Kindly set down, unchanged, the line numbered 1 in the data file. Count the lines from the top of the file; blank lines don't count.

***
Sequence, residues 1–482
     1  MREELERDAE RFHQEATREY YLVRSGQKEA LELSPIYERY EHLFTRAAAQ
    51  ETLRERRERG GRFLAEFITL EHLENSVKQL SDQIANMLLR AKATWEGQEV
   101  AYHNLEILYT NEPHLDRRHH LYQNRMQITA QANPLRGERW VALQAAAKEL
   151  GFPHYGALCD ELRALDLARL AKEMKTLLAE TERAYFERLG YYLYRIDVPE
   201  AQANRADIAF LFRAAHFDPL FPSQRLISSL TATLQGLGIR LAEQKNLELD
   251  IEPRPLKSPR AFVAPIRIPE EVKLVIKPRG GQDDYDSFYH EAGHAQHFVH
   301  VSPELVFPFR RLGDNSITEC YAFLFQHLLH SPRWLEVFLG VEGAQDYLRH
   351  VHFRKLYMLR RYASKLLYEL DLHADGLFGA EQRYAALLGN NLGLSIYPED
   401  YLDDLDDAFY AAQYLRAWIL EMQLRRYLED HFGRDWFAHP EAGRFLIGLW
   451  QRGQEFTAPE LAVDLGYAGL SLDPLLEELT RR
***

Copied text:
Sequence, residues 1–482